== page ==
NEWS NOTES — NEWS
Global climate change will likely cause significant changes in the world’s rainfall patterns, according to researchers working on the Intergovernmental Panel on Climate Change (IPCC) Fourth Assessment Report summary, released Feb. 2 (see Geotimes online, Web Extra, Feb. 2, 2007). The report provides the first estimates of just how and where the landscape will change due to rainfall.
“The places that are wet are going to get wetter, and the places that are dry are going to get drier,” says Susan Solomon, a senior scientist at NOAA and a co-chair on the new report. Northern areas, such as Canada and Norway, will become more Mediterranean — hot, dry summers and cool, wet winters — while regions now considered Mediterranean will see less rainfall overall, researchers concluded.
These precipitation changes stem from the combination of increased liquid water available as the two major ice sheets in Antarctica and Greenland melt, followed by evaporation that puts more moisture into the atmosphere. With more water in the atmosphere, rainfall increases worldwide.
Only higher latitudes, however, will benefit from that increased rainfall: Though more moisture is retained in the atmosphere everywhere, evaporation in the lower latitudes will counter it, says Andrew Weaver, a climatologist at the University of Victoria, also an author on the report. Thus, he says, the subtropics become drier, and the higher latitudes become wetter.
Indeed, models have converged on a “rich get richer” distribution of precipitation change, so the wet areas in middle and higher latitudes get wetter, whereas subtropics get drier, says Philip Mote, a climatologist at the University of Washington. And we are already seeing drying in much of the subtropics, from Mexico to the Mediterranean, Southern Africa and Australia, Solomon adds. The IPCC report describes longer, more intense droughts over wider areas since the 1970s, particularly in the tropics and subtropics, caused by rising temperatures and decreased rainfall. “I’m particularly disturbed,” Mote says, “about the projections for Mexico and North Africa, where models are generally agreeing on big reductions.”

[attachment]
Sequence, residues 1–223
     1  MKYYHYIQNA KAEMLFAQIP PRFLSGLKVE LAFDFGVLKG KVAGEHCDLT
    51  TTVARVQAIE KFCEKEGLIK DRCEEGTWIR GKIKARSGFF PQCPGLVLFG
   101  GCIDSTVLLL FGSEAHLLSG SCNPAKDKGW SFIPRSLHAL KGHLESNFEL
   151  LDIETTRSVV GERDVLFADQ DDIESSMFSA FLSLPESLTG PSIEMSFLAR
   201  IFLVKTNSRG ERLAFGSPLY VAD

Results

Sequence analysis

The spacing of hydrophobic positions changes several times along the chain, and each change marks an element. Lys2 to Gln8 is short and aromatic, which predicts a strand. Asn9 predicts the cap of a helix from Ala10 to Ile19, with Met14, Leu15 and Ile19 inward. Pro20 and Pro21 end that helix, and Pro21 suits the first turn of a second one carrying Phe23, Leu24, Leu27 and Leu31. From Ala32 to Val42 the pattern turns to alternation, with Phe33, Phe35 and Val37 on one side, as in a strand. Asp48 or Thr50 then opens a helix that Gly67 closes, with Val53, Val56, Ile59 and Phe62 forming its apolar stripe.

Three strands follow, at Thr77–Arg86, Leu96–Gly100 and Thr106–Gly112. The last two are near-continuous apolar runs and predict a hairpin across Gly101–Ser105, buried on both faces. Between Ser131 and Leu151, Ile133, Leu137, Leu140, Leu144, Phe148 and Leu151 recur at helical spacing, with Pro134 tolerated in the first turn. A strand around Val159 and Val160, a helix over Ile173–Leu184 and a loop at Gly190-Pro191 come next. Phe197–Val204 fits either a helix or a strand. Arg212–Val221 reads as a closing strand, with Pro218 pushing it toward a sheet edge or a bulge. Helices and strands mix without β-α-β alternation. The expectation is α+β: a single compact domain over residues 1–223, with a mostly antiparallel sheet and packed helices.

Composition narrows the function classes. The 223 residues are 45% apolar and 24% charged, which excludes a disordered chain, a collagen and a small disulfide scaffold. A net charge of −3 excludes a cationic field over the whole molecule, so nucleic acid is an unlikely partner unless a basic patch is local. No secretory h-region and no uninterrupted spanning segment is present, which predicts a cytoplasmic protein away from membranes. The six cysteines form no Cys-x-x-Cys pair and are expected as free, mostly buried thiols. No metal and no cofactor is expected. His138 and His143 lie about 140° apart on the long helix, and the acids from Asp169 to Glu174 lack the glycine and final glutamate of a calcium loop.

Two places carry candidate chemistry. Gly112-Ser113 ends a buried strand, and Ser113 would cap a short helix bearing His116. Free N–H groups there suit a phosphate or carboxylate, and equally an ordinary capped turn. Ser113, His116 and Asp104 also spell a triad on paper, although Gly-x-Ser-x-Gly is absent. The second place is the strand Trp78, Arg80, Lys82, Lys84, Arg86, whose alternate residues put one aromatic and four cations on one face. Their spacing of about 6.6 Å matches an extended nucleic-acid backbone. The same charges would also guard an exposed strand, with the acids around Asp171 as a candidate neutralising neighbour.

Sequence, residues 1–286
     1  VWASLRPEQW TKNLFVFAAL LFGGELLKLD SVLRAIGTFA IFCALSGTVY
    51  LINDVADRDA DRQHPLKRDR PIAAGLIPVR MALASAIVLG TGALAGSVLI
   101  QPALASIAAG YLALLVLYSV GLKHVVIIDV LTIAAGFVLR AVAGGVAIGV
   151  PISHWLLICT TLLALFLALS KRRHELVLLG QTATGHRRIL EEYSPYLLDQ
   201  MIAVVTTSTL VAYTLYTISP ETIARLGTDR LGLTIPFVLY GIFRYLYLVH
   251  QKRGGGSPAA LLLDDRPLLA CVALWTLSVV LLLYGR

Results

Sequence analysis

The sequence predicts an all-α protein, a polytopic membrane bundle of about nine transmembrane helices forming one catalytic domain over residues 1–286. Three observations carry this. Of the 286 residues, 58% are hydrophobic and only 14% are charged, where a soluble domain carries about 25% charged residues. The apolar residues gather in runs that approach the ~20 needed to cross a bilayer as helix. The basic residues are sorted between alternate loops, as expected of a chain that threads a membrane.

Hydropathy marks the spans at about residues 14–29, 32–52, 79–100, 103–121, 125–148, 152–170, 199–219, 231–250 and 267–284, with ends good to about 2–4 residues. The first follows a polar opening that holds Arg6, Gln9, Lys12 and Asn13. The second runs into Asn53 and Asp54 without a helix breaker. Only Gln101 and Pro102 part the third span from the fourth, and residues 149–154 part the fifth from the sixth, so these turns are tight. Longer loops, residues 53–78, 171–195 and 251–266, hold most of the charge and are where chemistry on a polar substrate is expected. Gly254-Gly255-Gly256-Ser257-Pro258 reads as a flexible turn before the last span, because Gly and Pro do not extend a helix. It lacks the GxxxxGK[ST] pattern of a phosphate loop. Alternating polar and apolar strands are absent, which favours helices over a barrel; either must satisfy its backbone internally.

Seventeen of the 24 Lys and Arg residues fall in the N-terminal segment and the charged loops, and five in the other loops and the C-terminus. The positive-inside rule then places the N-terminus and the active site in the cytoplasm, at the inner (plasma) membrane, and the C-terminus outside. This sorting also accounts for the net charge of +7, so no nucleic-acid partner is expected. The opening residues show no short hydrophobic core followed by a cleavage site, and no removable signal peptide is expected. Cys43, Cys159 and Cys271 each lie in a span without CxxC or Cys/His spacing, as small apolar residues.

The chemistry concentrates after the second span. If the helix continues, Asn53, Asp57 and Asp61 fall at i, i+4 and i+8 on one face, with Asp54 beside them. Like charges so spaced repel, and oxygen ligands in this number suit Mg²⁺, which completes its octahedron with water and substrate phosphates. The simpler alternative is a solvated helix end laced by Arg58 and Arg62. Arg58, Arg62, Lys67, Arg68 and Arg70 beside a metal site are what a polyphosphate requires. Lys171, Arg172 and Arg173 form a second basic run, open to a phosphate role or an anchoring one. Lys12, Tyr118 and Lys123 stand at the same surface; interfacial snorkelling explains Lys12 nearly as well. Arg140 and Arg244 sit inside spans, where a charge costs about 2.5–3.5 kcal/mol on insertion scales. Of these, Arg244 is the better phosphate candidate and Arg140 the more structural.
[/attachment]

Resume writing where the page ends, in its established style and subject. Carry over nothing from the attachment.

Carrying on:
The other issue with changes in precipitation patterns is that the greatest changes will come in winter and spring, when rainfall would traditionally have been heaviest in many parts of the world, Weaver says. If precipitation does increase dramatically in certain seasons rather than spread out through the year, as models suggest, he says, much of that water will either cause flooding, or simply drain straight out to sea instead of being able to collect in reservoirs for future human use (see Geotimes, March 2006).
Although scientists have long thought that warming temperatures would cause the global water cycle to intensify, meaning a possible exacerbation of extremes such as droughts and floods, too many questions remained unanswered in models to actually point to long-term effects. But with advances in modeling since the first IPCC assessment in 1990, model projections are now closely matching observed patterns, Solomon says.
“Rainfall prediction is now where temperature prediction was in 1990,” Solomon says. At the time of the 1990 report, she says, the observed warming was just beginning to stray beyond past observations of typical, normal temperature variability. Now, a similar pattern with rainfall is beginning to emerge, she says, as rainfall begins to fall outside the norms of variability.
Along with precipitation changes, the report predicts an increase in storms such as typhoons and hurricanes. “Storms take heat from the subtropics to higher latitudes,” Weaver says. “When you warm up the subtropics, you evaporate more water, and you’re taking that water northward, so the rains are bigger events.”